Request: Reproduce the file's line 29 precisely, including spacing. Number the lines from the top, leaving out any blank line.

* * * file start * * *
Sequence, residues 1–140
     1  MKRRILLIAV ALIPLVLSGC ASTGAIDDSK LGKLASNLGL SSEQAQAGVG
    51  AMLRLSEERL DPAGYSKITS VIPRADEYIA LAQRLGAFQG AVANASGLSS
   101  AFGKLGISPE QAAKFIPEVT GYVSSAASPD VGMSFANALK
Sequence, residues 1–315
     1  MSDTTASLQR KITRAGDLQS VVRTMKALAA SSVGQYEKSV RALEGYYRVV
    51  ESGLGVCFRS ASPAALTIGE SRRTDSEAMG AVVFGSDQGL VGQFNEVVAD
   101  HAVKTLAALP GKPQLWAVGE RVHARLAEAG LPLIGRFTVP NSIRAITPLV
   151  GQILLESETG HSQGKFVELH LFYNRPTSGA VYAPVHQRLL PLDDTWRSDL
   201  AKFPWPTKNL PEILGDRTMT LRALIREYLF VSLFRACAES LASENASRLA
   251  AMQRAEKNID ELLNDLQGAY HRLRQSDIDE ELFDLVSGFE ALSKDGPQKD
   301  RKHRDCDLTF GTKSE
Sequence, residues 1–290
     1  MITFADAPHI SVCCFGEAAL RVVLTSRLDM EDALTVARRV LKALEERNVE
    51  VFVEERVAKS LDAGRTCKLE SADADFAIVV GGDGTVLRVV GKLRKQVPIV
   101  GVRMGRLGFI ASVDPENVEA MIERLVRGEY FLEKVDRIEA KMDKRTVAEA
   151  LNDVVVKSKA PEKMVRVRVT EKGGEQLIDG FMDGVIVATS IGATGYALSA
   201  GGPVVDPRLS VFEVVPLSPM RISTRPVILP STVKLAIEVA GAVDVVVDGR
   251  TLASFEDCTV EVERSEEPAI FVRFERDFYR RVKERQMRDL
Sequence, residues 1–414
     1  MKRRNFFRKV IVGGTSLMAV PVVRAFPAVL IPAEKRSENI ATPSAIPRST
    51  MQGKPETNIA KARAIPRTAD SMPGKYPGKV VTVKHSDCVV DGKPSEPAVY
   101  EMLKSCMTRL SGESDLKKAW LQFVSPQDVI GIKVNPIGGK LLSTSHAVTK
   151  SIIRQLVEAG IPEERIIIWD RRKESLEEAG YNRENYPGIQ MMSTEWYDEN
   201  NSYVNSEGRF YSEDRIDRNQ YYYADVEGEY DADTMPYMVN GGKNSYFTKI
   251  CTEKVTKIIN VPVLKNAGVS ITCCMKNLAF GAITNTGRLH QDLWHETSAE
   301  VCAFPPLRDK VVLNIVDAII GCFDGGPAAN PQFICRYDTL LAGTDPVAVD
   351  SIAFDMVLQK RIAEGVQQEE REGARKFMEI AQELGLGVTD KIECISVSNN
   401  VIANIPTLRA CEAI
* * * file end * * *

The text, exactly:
   401  VIANIPTLRA CEAI